• Occupational segregation: One significant cause is the propensity for men and women to work in distinct industries and professions, sometimes known as occupational segregation. Women are frequently overrepresented in lower-paying areas like education and healthcare and underrepresented in higher-paying ones like technology and finance. This may result in a sizable pay gap between men and women.
  • Women’s safety at workplace: Ensuring women’s safety is essential to creating a healthy and productive work environment. The Sexual Harassment of Women at Workplace (Prevention, Prohibition, and Redressal) Act of 2013 was enacted to prevent women from experiencing sexual harassment in the workplace. In addition to the act, the Ministry of Women and Child Development has developed guidelines for employers on preventing and responding to sexual harassment at work. These offensive and humiliating experiences often result in emotional and physical trauma and related illnesses, reducing morale and productivity. But research reveals that the issue and its awareness have progressed significantly in a brief time frame in the workplace across the globe.
  • Soft skills: Due to societal norms, women have limited prospects for growth opportunities. Women also need to gain soft skills necessary for the 21st century, such as leadership and communication. They can learn essential digital technologies and soft skills like leadership through upskilling.
  • Negotiation and self-advocacy: Lastly, negotiation abilities and self-advocacy can also impact the pay gap. Women are frequently socialised to lack assertiveness and to avoid salary negotiations, which can cause them to be paid less than their male counterparts.

The reasons mentioned above why women are employed in low-paid work are just a few instances among many factors affecting women from earning more. Women’s low involvement is primarily a result of the deeply rooted patriarchal institutions that deny them equal opportunity. Many women prefer to pursue part-time employment and other key considerations like child care and working from home as they often have to balance their careers with traditional family responsibilities. Women are forced to withdraw from entering the workforce and learning 21st-century technology skills due to a lack of access and literacy, which has had a negative effect on the economy.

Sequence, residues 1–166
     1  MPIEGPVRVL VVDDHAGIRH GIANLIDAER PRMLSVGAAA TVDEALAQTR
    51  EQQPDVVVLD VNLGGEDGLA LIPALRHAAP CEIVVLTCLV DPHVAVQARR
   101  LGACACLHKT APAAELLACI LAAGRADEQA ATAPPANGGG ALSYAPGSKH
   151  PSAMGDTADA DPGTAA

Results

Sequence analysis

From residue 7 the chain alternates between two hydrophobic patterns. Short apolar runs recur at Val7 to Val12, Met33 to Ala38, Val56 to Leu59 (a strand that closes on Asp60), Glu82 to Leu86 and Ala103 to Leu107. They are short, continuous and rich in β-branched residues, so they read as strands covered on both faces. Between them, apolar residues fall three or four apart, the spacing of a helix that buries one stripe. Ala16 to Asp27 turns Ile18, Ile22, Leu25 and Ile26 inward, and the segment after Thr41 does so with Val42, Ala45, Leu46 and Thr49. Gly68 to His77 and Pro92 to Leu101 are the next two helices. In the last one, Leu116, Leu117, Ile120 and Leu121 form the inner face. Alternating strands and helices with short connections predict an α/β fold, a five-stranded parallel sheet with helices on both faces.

Despite their many obstacles, most women need and want to work. Statistics understate entirely how much work women do for no pay at all. When work at home is included, women worldwide put in far more hours than males. India has one of the lowest percentages of women workforce worldwide, and data from the ILO shows that the percentage is currently less than 30% and has been falling over time.

In 2022, the Supreme Court recently called for greater support for the staff of Anganwadis; this is seen as creating more productive employment opportunities for women while improving the quality of their children. Employers can equally play a prime role in bridging women’s workforce participation. Organisations can focus on the skill set required for positions rather than qualifications alone – doing this will likely widen women’s recruitment pool substantially.

You might also like to read our report on “No Women Left Behind”, a comprehensive study showing that a significant proportion of the women who are currently in the workforce do not have access or are not eligible for any social security benefits.

At TeamLease, efforts are persistently underway to comprehend and address the gender gap, striving to improve female participation in both the workforce and leadership positions. The focus remains on finding effective strategies to reduce the disparities that exist. Prioritising gender equality in the workplace can deliver a positive social impact while reaping the tangible business benefits of a diverse and inclusive work environment.

Join us in creating gender equality at work! If you are looking for more women to join your workforce and drive positive change, please connect with us.

Author

TeamLease Services Limited